There was more good news this week for Alzheimer’s patients and their families. Eli Lilly’s drug slowed the disease by 35%, and nearly half the patients had no decline in cognition after a year. The results are the best ever recorded for an Alzheimer’s treatment, signifying momentous progress for the field.
All eyes now turn to FDA, which will review the drug for approval, and to the Centers for Medicare and Medicaid Services (CMS), which has so far refused to grant broad coverage for FDA-approved treatments. Writing in The Wall Street Journal, Joe Grogan explains how CMS is stifling innovation and calls on the agency to reverse course.
If the FDA deems a treatment safe and effective, historically CMS has almost always determined it to be worthy of reimbursement under the “reasonable and necessary” standard—a nebulous term that gives the agency maximum leeway. The FDA and CMS have followed this path in granting broad access to innovative treatments for cancer, heart disease and HIV/AIDS.
But CMS has inexplicably bucked precedent with Alzheimer’s, questioning the FDA’s judgment on safety and efficacy and restricting coverage of any new medicines to CMS-approved clinical trials. Guess how many such trials are currently enrolling Alzheimer’s patients? None.
The policy CMS is wielding, known as the “Coverage with Evidence Development,” is an innovation killer. It was created during President George W. Bush’s administration to speed access to medical devices. The idea was to have CMS cover medical technologies on which research data was still being collected. In practice CED has become an interminable slog for companies, which often have to follow more than 30 complex steps to establish an evidence development program. This entails identifying study sponsors and investigators, establishing protocols, securing CMS approvals and funding, establishing databases, enrolling patients, and running clinical trials.
Since 2005, 27 medical devices or procedures have been subjected to CED and only four have had their evidence development programs retired. One took 12 years to do so. Others are still required to generate clinical data today.
By subjecting Alzheimer’s treatments to CED, CMS has expanded the policy beyond devices and procedures. This move calls into question the FDA’s scientific judgment and will restrict, rather than expand, patients’ access to these treatments. There is no indication CMS will reverse course but bipartisan pressure on the agency is growing.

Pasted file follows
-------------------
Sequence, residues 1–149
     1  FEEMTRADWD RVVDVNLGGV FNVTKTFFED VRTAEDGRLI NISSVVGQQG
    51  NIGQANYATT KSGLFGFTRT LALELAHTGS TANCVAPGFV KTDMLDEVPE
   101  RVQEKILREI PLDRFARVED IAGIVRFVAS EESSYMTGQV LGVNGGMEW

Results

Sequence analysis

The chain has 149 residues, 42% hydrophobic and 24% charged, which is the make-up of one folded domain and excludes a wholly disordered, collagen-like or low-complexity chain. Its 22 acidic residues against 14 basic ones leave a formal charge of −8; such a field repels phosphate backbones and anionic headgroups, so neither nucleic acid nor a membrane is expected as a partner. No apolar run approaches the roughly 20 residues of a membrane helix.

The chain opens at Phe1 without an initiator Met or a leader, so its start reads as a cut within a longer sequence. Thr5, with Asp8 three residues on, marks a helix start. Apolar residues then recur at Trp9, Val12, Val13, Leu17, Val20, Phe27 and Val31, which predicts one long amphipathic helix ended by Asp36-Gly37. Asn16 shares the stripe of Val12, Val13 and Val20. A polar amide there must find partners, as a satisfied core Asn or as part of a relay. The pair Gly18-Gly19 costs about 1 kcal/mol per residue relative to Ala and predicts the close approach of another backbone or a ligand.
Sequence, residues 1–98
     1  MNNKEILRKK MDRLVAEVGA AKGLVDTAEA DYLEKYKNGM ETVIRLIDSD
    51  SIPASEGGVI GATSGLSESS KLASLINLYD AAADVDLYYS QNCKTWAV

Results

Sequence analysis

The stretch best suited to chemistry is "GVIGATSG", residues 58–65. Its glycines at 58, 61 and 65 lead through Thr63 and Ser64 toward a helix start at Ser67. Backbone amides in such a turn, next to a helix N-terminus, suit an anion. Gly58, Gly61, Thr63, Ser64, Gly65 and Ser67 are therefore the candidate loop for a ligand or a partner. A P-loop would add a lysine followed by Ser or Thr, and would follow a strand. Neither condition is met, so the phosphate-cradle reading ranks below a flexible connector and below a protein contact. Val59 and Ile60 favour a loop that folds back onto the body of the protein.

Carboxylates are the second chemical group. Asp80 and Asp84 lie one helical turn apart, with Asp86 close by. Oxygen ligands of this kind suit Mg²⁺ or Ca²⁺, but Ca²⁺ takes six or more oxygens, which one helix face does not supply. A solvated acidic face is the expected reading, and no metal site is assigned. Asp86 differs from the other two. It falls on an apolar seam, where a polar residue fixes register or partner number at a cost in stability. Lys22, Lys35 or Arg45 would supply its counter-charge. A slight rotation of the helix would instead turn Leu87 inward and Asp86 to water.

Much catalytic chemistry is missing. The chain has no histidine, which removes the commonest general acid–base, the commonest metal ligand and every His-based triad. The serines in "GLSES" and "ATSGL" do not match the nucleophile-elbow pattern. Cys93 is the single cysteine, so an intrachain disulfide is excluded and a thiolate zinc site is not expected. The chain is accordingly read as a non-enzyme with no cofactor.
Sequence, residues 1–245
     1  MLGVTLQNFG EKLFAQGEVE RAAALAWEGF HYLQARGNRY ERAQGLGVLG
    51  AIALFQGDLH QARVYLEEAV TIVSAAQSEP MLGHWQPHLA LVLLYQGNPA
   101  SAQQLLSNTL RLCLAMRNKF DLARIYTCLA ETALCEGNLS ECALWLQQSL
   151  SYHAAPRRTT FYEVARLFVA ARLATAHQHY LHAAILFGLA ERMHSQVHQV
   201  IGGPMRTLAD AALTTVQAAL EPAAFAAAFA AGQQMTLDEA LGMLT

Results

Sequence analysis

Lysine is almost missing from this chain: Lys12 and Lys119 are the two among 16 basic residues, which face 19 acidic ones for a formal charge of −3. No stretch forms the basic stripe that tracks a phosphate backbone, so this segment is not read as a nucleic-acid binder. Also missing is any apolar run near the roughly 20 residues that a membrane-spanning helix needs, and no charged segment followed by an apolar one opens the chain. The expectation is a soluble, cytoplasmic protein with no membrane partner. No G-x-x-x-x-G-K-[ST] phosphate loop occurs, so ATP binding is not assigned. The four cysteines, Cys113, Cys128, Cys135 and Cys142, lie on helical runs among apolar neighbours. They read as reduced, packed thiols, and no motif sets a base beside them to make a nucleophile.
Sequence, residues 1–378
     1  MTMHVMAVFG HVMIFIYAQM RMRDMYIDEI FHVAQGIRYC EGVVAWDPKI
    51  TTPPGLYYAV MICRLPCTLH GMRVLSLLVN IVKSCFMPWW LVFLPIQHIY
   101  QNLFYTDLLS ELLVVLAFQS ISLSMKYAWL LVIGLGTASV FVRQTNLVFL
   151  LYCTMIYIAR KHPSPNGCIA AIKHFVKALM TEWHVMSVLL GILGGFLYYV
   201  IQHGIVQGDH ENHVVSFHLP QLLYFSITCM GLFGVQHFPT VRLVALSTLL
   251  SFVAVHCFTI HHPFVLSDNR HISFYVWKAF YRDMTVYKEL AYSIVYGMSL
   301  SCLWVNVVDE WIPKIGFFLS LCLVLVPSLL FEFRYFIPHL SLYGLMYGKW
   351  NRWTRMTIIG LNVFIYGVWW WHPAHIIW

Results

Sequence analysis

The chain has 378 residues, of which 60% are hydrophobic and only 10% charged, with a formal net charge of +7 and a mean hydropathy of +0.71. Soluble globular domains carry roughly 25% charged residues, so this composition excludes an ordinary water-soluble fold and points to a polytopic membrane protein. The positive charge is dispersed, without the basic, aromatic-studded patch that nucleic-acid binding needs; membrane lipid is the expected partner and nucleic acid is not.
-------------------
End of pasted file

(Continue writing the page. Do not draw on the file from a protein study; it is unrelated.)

Democratic and Republican lawmakers hammered CMS Administrator Chiquita Brooks-LaSure on the policy before the House Energy and Commerce Committee’s Subcommittee on Health last week. The same day, 26 attorneys general from red and blue states sent Ms. Brooks-LaSure and Health and Human Services Secretary Xavier Becerra a letter urging them to expand access. Both groups highlighted the administration’s conflicting policy on the matter, noting that the Department of Veterans’ Affairs granted coverage for Eisai and Biogen’s treatment in February.
Alzheimer’s is a very risky bet for innovators. In the past quarter-century, more than 150 clinical trials have ended in failure. Despite billions of dollars of private investment, only six treatments have achieved FDA approval. The recent momentous advances are milestones toward treatments that can slow the disease and perhaps one day reverse it. Innovation must be rewarded—not suppressed
In many ways, we are today with Alzheimer’s where we were with cancer 40 years ago. When President Richard Nixon signed the National Cancer Act of 1971, the five-year survival rate was below 50%. After decades of investment, supported by policies rewarding incremental innovation, the rate is approaching 70%. It is nearly 100% for breast, prostate, and other cancers caught in the early stages. Similar progress is possible for Alzheimer’s—and the first step is getting FDA-approved treatments out of CED.
You can read the full piece here.